The constant demands and whining from the “Palestinians” have caused quite a few Arab states to lose interest in the “Palestinian” problem; that palpable want of sympathy is likely to increase if the “Palestinians” turn down a hugely generous offer from the rich Arabs and even the West. If they were so dismissive as not even to show up in Manama — well, in Riyadh and Cairo and Dubai they may now be thinking, the hell with you.

The most important Arab states — Saudi Arabia, the United Arab Emirates, and Egypt — are likely to decide that this is it, that Bahrain was the last chance for the ‘Palestinians,” and if they didn’t even bother to come and discuss this unprecedented aid offer, then there will be no further offers to this spoiled child of the international community. They’ll be on their own, just like dozens of other peoples. No one offers the Bolivians, or the Nepalese, or the Kurds, 50 billion dollars. Why should the “Palestinians” receive such an offer? The diplomatic power of the Arabs and Muslims has long helped the “’Palestinian’ cause” at the U.N. and other international forums. But now that support is sinking, as Arab nations are beset by their on problems. And the “Palestinians,” with their endless refusals to negotiate, or even to hear out those who want to give them 50 billion dollars in aid, have severely damaged themselves.

There will be no diplomatic push against Israel on their behalf against Israel by the Saudis, the Emiratis, the Egyptians. Israel already collaborates with Egypt against both the Muslim Brotherhood and remnants of the Islamic State in the Sinai. Israel shares intelligence on Iran with Saudi Arabia and the Emirates. For Israel to be of  greatest military value in any future confrontation with Iran, it needs to retain control of the invasion route from the east, that is, the West Bank. Saudi Arabia and the Emirates do not want Israel to be fatally weakened by losing military control of the territories. They cannot say this aloud, but their future indifference about the West Bank will be telling. And they can take this occasion of the Bahrain fiasco to simply turn their backs on Mahmoud Abbas, and on the terrorist groups Hamas (which is rightly seen in Egypt and Saudi Arabia as a branch of the hated Muslim Brotherhood of which Hamas is a part), and Hezbollah (which is hated by the Arabs for being a loyal ally and puppet of the Islamic Republic of Iran). After Bahrain, most of the Arabs will have had quite enough of  those  trouble-making, tiresome, ungrateful “Palestinians.”

In the rest of the world, too, there will be many states, and many peoples, who will be disgusted by the “Palestinian” refusal of such aid. Imagine you are one of the billions of poor people living in sub-Saharan Africa, in South America, in South Asia, or even in the richer countries of the West. What would be your natural reaction to hearing that the “Palestinians” had just turned down $50 billion, unless and until they get all their political demands met? Certainly you would not feel solidarity with these “Palestinians.” You would wonder why the “Palestinians” receive such special treatment, are thought deserving of such gigantic sums, while your own people, in Brazil or Bolivia, India or the Philippines, have nothing like such amounts being offered. The “Palestinians” will no longer be seen by many as people who are “oppressed”; rather, they will be seen  as people who are now demanding far too much, have always been demanding too much. And if their fellow Arabs are no longer their enthusiastic supporters, why should we, in the impoverished Third World, continue to carry water at the U.N. for the likes of Mahmoud Abbas?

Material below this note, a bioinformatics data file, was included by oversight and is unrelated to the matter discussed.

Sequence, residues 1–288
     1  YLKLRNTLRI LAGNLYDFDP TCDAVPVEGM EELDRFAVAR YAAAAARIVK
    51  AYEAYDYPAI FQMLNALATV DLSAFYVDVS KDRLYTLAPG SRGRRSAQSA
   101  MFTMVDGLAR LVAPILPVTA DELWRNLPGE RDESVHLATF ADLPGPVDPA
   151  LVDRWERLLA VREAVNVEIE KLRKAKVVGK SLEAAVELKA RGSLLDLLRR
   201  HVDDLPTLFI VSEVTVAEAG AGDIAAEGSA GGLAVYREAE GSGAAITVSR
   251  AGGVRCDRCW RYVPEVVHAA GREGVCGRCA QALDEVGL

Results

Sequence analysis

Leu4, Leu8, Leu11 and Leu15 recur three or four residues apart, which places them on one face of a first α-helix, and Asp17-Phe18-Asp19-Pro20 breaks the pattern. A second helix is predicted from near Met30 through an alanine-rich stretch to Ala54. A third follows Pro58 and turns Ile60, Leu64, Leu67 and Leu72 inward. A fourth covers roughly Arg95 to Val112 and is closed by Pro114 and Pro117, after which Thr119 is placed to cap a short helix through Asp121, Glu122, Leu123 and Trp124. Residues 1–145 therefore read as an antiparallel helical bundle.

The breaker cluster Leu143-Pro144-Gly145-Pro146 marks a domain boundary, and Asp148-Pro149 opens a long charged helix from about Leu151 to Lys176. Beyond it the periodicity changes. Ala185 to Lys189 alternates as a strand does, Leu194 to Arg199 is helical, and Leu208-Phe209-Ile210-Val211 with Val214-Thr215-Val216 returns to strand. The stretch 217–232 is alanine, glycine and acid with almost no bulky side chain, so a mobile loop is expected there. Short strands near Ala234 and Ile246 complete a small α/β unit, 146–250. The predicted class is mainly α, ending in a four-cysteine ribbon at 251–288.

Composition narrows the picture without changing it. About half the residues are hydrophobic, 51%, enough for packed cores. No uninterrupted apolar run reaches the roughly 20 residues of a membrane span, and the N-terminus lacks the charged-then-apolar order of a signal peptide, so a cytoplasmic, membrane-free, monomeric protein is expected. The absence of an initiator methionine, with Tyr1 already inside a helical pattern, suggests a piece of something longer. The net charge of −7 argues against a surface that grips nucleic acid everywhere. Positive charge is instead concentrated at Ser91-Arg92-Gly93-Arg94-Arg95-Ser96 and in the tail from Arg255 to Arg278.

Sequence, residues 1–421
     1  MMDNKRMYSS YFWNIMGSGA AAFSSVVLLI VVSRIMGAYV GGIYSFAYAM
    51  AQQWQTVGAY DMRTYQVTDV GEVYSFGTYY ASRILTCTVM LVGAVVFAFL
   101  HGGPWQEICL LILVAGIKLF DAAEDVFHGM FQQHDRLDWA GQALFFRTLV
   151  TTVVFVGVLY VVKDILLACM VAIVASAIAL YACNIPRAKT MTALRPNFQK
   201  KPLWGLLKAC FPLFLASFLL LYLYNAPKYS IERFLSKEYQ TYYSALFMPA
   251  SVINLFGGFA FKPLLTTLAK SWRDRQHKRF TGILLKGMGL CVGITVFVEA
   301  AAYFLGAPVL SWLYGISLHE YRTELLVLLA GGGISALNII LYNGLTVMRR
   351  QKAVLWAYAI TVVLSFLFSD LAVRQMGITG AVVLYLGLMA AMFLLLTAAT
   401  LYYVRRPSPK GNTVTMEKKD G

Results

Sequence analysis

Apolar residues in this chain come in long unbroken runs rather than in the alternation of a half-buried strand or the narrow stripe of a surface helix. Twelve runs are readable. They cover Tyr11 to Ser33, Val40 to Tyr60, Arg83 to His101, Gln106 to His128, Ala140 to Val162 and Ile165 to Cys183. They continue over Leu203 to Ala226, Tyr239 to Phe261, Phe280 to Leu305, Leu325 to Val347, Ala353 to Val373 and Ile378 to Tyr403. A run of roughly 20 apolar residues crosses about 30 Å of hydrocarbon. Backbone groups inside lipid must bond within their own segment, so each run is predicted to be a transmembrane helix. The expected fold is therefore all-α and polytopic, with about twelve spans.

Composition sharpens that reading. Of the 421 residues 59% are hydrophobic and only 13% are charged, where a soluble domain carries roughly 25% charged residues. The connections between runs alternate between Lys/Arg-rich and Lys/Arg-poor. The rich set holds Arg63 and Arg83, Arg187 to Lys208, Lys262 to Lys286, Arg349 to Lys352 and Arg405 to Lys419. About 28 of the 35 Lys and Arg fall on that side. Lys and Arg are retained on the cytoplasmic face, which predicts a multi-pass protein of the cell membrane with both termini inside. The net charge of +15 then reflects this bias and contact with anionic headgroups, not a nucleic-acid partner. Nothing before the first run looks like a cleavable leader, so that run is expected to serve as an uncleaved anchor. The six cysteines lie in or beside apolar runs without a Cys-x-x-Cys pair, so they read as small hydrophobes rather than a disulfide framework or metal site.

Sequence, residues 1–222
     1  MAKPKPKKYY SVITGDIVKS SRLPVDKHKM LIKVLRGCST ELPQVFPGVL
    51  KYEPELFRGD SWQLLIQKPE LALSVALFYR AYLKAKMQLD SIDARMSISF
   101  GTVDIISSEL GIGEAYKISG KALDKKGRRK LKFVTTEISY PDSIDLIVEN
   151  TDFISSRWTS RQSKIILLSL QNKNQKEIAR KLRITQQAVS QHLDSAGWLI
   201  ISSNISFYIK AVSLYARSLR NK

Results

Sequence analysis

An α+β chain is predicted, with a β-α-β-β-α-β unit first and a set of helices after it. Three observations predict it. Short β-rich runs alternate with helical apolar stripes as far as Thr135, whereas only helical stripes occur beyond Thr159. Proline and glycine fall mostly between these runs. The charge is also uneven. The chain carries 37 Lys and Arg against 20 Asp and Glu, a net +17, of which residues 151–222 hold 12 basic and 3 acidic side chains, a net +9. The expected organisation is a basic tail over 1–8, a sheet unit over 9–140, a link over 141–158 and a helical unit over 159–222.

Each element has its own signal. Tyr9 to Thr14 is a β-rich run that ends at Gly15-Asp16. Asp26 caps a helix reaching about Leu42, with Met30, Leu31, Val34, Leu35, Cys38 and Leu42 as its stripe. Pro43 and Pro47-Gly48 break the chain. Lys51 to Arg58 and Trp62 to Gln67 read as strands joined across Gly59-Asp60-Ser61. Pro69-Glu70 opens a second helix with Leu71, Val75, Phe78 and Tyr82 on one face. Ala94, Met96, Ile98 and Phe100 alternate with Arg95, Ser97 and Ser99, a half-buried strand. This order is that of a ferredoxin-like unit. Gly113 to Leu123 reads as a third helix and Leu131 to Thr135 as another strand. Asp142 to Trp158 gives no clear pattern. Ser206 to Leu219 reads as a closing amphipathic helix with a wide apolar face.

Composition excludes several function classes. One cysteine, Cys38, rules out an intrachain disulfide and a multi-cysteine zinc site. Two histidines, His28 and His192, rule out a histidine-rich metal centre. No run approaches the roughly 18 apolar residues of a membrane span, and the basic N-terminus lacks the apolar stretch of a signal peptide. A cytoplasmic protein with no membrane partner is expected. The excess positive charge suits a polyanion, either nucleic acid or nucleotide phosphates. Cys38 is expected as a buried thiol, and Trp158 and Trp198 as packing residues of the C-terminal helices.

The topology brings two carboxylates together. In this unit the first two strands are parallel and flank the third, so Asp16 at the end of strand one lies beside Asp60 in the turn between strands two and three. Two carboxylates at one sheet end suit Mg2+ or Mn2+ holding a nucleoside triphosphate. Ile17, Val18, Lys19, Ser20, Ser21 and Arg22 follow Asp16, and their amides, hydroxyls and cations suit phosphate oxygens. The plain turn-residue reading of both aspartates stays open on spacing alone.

The day before the Bahrain Conference was to open, which the “Palestinians” both boycotted and denounced, Mahmoud Abbas told journalists that “We will not be slaves or servants for Greenbelt, Kushner and Friedman.” Has he lost his mind? Since when does the receipt of 50 billion dollars turn one into either a “slave or servant” of anyone? There were no political strings attached to this money; the hope was merely that with an increase in “Palestinian” prosperity, there would be a greater willingness to make political compromises. Abbas knows this, but pretends not to. As for the Arab donors, and other Arabs, too, the “Palestinians” have become the spoiled children of the Arab tribe, increasingly intolerable in their demands and behavior. And in what used to be called the Third World, those who loyally supported the “Palestinian” cause may now be ready to rethink that former loyalty, and wash their hands of the people who believe, and have led others to believe, that the world owes them a living, and a good deal more.

if that happens, the meeting in Bahrain, because of who came and even more, because of who didn’t, will have been well worth it.